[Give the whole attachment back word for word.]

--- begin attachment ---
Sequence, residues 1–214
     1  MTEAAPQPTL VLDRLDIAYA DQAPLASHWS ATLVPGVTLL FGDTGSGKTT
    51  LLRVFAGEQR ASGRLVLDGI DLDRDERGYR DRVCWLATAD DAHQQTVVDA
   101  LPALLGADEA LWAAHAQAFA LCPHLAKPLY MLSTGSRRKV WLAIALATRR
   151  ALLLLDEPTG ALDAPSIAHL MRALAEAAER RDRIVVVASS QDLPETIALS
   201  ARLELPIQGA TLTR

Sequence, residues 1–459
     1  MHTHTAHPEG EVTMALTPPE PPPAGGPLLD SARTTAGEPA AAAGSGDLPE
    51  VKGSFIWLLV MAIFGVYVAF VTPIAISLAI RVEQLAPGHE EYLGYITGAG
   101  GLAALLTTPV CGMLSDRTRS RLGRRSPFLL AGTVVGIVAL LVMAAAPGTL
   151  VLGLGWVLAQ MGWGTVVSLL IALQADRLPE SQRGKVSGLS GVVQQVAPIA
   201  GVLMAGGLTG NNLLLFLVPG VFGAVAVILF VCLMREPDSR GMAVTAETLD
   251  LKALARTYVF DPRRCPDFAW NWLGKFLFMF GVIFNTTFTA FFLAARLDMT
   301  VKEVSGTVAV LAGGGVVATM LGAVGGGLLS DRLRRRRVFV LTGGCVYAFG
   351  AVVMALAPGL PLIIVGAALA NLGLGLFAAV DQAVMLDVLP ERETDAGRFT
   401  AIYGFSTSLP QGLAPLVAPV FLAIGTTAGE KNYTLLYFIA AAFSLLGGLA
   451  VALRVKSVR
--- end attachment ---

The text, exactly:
Sequence, residues 1–214
     1  MTEAAPQPTL VLDRLDIAYA DQAPLASHWS ATLVPGVTLL FGDTGSGKTT
    51  LLRVFAGEQR ASGRLVLDGI DLDRDERGYR DRVCWLATAD DAHQQTVVDA
   101  LPALLGADEA LWAAHAQAFA LCPHLAKPLY MLSTGSRRKV WLAIALATRR
   151  ALLLLDEPTG ALDAPSIAHL MRALAEAAER RDRIVVVASS QDLPETIALS
   201  ARLELPIQGA TLTR

Sequence, residues 1–459
     1  MHTHTAHPEG EVTMALTPPE PPPAGGPLLD SARTTAGEPA AAAGSGDLPE
    51  VKGSFIWLLV MAIFGVYVAF VTPIAISLAI RVEQLAPGHE EYLGYITGAG
   101  GLAALLTTPV CGMLSDRTRS RLGRRSPFLL AGTVVGIVAL LVMAAAPGTL
   151  VLGLGWVLAQ MGWGTVVSLL IALQADRLPE SQRGKVSGLS GVVQQVAPIA
   201  GVLMAGGLTG NNLLLFLVPG VFGAVAVILF VCLMREPDSR GMAVTAETLD
   251  LKALARTYVF DPRRCPDFAW NWLGKFLFMF GVIFNTTFTA FFLAARLDMT
   301  VKEVSGTVAV LAGGGVVATM LGAVGGGLLS DRLRRRRVFV LTGGCVYAFG
   351  AVVMALAPGL PLIIVGAALA NLGLGLFAAV DQAVMLDVLP ERETDAGRFT
   401  AIYGFSTSLP QGLAPLVAPV FLAIGTTAGE KNYTLLYFIA AAFSLLGGLA
   451  VALRVKSVR